That Metro “Stop the deaths” cover was to my mind one of the best of a mediocre bunch over the past couple of weeks – but the Sun’s heart-rending front on Bronson Battersby yesterday was a true human interest scoop that I could hardly bear to read. It left the rest of Fleet Street flat-footed – everyone’s followed up today, but only the Mirror scrambled in a little story in its second edition yesterday. What a shame the Sun couldn’t resist diluting it with the royals, the rebels and the cheap holidays (albeit very cleanly). If it had, this would have been a classic.
The Sun has also blown it today by – in common with the Mail – turning his family videos into clickbait. It’s just awful.
Ugliest front page…
On the other side of the coin, two front pages stood out (again my personal opinion) for their ugliness. I’m talking appearance here, not content.
Tabloids always work best when there is one huge story. The workaday is one main story with puffs at the top and maybe a single down the side. The worst configurations come in trying to give two elements equal billing. It suggests an inability to decide what matters most.
The first of these successive Mail pages falls into that trap and is made worse by its five stacked headlines that are like a classroom rabble where everyone is shouting on top of each other. It takes a while to realise that there are two stories being told here – one of them a threat of war.
The second does have one central story – the death of the Queen – with a puff box above the titlepiece. But it doesn’t look as though it has: the coloured bit with the picture in the middle feels disconnected from the story below.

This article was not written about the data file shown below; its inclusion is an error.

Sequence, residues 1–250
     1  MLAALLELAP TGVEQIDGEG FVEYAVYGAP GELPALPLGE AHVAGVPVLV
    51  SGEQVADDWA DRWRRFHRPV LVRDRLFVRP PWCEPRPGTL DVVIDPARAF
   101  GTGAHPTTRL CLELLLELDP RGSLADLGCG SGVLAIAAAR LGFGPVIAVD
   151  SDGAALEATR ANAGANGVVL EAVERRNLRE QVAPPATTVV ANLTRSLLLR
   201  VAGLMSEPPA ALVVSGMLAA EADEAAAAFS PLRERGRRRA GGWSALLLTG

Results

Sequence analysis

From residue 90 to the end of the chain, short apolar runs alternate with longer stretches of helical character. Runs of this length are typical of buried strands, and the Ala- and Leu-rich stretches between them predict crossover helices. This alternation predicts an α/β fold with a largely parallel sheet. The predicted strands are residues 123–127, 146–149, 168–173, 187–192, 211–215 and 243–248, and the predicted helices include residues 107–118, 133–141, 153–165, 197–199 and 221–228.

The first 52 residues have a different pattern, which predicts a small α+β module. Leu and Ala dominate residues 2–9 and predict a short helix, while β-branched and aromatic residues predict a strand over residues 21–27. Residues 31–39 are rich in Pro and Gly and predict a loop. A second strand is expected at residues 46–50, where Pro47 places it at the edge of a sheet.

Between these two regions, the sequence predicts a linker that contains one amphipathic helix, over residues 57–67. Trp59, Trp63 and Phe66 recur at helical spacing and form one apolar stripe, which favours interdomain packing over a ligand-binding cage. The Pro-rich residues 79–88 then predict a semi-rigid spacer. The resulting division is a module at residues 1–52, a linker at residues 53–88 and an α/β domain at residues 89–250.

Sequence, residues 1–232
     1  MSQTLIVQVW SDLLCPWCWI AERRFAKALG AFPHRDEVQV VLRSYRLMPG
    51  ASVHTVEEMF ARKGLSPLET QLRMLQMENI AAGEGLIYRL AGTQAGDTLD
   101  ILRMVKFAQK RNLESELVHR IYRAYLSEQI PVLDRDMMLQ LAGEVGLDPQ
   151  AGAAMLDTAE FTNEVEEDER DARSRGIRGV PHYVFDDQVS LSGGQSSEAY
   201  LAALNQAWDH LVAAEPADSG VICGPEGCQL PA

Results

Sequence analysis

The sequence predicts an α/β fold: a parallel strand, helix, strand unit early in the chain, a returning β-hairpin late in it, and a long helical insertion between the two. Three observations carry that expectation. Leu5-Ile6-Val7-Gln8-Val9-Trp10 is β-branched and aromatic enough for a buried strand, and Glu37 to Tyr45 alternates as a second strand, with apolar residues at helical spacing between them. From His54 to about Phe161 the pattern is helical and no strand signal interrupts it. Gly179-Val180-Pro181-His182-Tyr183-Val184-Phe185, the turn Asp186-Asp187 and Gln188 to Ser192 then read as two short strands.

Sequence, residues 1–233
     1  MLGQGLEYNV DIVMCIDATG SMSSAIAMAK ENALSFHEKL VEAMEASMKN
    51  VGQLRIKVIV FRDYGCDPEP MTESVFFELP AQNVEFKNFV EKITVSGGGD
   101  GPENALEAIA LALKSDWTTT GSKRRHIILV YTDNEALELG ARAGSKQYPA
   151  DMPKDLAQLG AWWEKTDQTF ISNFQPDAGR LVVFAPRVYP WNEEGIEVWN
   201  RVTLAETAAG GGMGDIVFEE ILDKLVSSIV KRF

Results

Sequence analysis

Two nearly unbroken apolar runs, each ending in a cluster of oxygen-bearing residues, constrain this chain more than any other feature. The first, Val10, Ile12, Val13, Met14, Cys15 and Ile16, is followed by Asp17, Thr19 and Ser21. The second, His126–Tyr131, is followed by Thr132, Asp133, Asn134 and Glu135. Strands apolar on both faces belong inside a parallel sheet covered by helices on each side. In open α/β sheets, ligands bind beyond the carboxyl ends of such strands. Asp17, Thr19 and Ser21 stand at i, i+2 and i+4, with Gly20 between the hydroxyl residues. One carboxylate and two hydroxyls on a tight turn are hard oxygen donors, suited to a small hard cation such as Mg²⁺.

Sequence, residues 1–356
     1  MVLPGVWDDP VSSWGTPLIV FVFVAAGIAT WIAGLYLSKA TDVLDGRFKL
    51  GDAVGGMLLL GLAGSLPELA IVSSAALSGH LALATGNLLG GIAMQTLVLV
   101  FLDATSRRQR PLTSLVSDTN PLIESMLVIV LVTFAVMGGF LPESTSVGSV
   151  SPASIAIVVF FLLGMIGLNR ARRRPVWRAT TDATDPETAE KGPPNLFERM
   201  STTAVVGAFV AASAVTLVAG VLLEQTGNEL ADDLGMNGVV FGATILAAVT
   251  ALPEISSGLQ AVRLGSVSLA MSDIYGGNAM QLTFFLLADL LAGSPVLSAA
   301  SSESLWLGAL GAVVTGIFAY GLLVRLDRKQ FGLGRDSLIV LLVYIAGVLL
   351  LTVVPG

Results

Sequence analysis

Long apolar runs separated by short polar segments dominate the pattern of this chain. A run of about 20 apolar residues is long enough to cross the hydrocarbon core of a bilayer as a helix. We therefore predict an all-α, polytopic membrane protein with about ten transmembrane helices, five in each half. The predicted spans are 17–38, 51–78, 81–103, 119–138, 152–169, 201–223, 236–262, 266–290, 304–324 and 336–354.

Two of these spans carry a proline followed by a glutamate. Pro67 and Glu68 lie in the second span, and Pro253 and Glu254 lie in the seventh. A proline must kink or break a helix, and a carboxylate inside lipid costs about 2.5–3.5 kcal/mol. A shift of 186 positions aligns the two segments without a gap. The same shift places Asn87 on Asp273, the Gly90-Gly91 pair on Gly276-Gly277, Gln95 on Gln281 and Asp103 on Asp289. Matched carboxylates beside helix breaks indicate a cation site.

I have to admit that my eyes went straight to the splash headline and my first reaction was one of surprise that the Mail should be leading on Annie Nightingale (it wasn’t). Still, this one beats the previous day’s efforts in one respect. It has not five but seven headlines on top of each other. In eight different type sizes, five different fonts, three different colours and on three different coloured backgrounds. With caps, italics and underscores thrown in for good measure.
What is going on at the Mail? It knows how to produce a stunning front page. Dacre must be foaming at the mouth.
I started this Notebook saying “I’m sorry” to the Mirror. I’d like to end it by saying “I’m sorry” about the Mirror. Specifically that Alison Phillips is off. Whoever heard of an editor taking voluntary redundancy? It does not augur well for a paper whose owners (Reach) have imposed savage cuts on staff and budgets. The Express has been an irrelevance for years, but that doesn’t matter really. There are plenty more papers to project the same world view. But the left has only the Guardian and the Mirror. The People is already the Sunday Mirror wearing a different coat and both are struggling. If the daily is allowed to wither further, there will be no popular newspaper to offer an alternative narrative. This is alarming.
But instead of doom-mongering, let’s remember that in her five years in the chair, Phillips has presided over some excellent journalism, not least the blasting open of Partygate. Her paper has chronicled the strains under which the health service is operating, understood climate change, and always retained its essential humanity. These are some of what I believe to be her greatest hits.
Liz Gerard’s Notebook is a fortnightly column published in the InPubWeekly newsletter. To be added to the mailing list, enter your email address here.